Gold nugget advice from me to you.  “Never accept No as an answer”.  No is the answer that preserves the status quo.  So, find your burning platform – what is it that you truly believe will make an all important difference to benefit your customers or your organisation that you want to implement?  Do your homework, prepare your plan, seek support from others (someone higher up the management team – if you need a budget, ideally a person with finance responsibility) and begin to develop your positive tenacity as you influence others to see the benefits too.

Julie Hogarth uses her experience and knowledge to inform future strategy and positively impact future opportunities.

Women in FM

Sally Wotton, FSI

I have worked in the FM industry since 2002 and have seen a sizeable change in its demographic in that time.  Gone are the days of a ‘typical’ FM person being male and of a certain age.  This is now an industry of all ages and sexes, and a career choice with so many opportunities to work in so many companies, sectors and countries.  A good leader, whether they are male or female, should realise that their most important asset is their colleagues.  You should be yourself, always communicate, nurture those around you, take risks to achieve rewards, and show appreciation.  As a Marketing Manager in the FM industry, I utilise the IWFM as they offer great networking events, including the Women in FM annual conference which I regularly attend, and come away from feeling empowered in this industry.

Sally Wotton is a marketing extraordinaire in the FM industry. She is a closet artist, photographer, singer, cinema usherette, FI groupie, personal shopper and mixologist.

Women in FM

Liz Kentish, Kentish & Co

I’ve worked in and around FM for over 15 years, for several of those years I was chair of Women in FM. Industry events used to seem full of predominantly white men of a certain age but that has changed dramatically. Perhaps our industry was always more diverse but certain groups didn’t seem visible.

Specific things that have helped me - NOT because I’m a woman but simply as someone in FM:

  • Be yourself - don’t try to be better than anyone else, simply aim to better yourself
  • Ask for help Get a mentor (within the sector) and a coach (outside)
  • Create a small group of people who will support you and challenge you - my FM in pharma networking group does just that (they happen to be female)
  • Give back - mentoring, sharing my story, even going back to my old school to talk about careers and challenges
  • Be kind, I always try to be aware of my own biases

Great leaders do all the above as well as have a clear vision and strong personal values. Female role models? Anne Lennox-Martin, Jackie Cupper, Bev Farrington. I’m a supporter of Women in FM but also other groups, for newcomers, learners, apprentices etc.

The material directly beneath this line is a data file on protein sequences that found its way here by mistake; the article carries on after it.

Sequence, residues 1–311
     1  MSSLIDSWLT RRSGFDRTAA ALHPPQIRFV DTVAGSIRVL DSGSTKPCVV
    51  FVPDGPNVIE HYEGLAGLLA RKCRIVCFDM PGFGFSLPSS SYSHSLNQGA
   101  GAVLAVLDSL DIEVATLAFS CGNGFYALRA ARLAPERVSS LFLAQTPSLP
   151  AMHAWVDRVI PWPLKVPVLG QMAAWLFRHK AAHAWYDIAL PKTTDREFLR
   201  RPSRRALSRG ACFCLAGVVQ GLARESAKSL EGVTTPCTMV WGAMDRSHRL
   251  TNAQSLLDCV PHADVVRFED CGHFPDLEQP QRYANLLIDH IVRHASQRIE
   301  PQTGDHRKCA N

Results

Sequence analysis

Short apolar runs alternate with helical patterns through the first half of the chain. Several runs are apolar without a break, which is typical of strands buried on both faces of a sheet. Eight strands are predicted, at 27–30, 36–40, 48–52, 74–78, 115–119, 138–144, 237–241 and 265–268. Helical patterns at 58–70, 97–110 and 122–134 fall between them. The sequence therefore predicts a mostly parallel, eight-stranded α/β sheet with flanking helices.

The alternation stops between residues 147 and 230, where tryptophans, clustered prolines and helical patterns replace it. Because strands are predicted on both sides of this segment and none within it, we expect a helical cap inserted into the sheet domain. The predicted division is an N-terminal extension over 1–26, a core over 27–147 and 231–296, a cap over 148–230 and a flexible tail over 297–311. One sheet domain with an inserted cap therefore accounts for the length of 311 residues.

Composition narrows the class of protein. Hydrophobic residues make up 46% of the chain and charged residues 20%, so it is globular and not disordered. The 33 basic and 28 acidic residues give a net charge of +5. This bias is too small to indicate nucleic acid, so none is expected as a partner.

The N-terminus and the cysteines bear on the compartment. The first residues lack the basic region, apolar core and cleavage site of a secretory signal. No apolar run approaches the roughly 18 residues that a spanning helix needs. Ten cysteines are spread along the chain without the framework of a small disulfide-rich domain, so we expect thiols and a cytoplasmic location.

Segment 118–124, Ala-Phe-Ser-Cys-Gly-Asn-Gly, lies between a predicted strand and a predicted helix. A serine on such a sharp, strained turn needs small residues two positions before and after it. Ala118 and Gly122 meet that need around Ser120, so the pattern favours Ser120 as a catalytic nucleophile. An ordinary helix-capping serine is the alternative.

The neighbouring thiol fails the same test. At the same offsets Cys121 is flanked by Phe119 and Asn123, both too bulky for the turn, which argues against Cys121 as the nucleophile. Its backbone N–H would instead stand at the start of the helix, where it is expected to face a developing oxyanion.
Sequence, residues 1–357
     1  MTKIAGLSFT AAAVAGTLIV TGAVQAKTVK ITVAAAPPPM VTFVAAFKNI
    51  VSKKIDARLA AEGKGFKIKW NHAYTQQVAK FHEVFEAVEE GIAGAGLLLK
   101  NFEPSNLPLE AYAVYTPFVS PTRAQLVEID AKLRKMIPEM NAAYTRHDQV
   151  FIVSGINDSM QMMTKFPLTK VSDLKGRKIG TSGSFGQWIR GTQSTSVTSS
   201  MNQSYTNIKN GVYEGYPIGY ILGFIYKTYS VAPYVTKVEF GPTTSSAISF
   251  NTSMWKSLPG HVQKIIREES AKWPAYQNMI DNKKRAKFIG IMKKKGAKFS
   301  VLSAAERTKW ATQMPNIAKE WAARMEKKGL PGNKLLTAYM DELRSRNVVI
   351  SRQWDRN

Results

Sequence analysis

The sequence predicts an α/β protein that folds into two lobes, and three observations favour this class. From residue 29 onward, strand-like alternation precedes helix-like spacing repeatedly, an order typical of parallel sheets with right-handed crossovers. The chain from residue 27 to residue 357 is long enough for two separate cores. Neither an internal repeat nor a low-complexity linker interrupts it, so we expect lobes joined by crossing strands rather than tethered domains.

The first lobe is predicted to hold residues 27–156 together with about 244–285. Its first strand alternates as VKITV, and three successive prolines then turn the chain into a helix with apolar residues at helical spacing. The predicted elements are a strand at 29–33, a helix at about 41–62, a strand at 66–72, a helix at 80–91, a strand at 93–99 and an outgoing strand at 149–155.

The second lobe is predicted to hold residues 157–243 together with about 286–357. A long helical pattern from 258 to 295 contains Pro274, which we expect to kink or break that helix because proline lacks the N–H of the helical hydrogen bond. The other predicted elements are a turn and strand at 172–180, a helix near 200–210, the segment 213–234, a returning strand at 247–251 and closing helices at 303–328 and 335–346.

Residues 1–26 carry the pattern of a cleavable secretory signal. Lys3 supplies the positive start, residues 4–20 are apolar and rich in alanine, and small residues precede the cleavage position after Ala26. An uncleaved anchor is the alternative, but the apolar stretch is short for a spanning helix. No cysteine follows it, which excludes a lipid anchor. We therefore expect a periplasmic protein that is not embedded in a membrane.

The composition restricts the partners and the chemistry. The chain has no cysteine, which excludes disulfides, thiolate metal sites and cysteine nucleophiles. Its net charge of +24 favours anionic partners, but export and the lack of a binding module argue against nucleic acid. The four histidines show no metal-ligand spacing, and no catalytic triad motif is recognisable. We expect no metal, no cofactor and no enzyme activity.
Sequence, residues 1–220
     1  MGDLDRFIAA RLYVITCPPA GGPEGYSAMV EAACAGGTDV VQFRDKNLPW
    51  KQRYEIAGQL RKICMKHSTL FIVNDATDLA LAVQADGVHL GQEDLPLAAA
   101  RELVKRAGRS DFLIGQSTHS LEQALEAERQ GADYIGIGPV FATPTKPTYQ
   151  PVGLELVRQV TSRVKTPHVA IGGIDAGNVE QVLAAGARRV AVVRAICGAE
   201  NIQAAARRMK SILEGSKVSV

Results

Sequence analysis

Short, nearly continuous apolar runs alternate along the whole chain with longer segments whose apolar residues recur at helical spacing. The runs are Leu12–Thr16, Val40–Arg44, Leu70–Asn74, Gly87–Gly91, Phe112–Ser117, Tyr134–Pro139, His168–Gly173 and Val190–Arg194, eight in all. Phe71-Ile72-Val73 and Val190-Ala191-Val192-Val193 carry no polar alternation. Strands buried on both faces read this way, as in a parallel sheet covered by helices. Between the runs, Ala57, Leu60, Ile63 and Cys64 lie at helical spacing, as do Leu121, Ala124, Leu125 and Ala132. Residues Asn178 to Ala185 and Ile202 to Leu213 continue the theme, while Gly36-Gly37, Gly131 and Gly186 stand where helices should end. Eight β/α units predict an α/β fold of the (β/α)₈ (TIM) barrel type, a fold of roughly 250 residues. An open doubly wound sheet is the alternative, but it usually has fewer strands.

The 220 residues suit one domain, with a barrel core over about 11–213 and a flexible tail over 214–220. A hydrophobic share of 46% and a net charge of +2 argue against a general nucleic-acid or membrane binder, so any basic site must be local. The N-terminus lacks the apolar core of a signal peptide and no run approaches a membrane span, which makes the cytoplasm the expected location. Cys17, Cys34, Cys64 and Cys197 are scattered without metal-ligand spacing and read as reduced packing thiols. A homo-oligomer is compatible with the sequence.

Liz aims to be an ambassador and role model for those in facilities management, the built environment and the many other sectors of industry that Kentish and Co work in. She conducts business honestly and openly, and talks about management in an extremely human way that removes some of the barriers put up by 'business'.

Women in FM

Linda Hausmanis, IWFM

  • The barriers I have overcome: Being a woman and a single parent – neither should have been a barrier – but these the judgements and biases that people consciously or unconsciously make of a person every day.
  • How I fight the status quo: By being true to myself and by doing the right thing even when at times this has jeopardised my career, but I will not tolerate unethical behaviour.  To never stop learning and challenging (which my team are ever so grateful for!)
  • What challenges I face: Having enough quality time with my son.
  • How male-dominated do I think the industry is: I am encouraged by the growing numbers of females who have a hugely successful career in FM and act as good role models for the FMs of the future. FM as a profession should be proud of its inclusivity of people from all walks of life.  This is not necessarily the norm across other professions.
  • What I think makes a good female leader: There is no difference between a good ‘male’ or ‘female’ leader – to me it is about integrity, honesty, fairness and having a clear vision
  • The female role models I look up to in the industry: Julie Kortens and Polly Plunket-Checkemian are both women who I hugely respect for their professionalism, their kindness and humility.
  • The female FM community that I strongly feel a part of: The IWFM’s WiFM community never fail to inspire me and make me proud of the work they do.      

Linda is presently leading the newly formed Institute of Workplace and Facilities Management, IWFM, through the second phase of a transition to position workplace and facilities management as a value-creating and distinct profession, and to create a modern professional body, providing value to a community of 17,000 and to the sector more widely.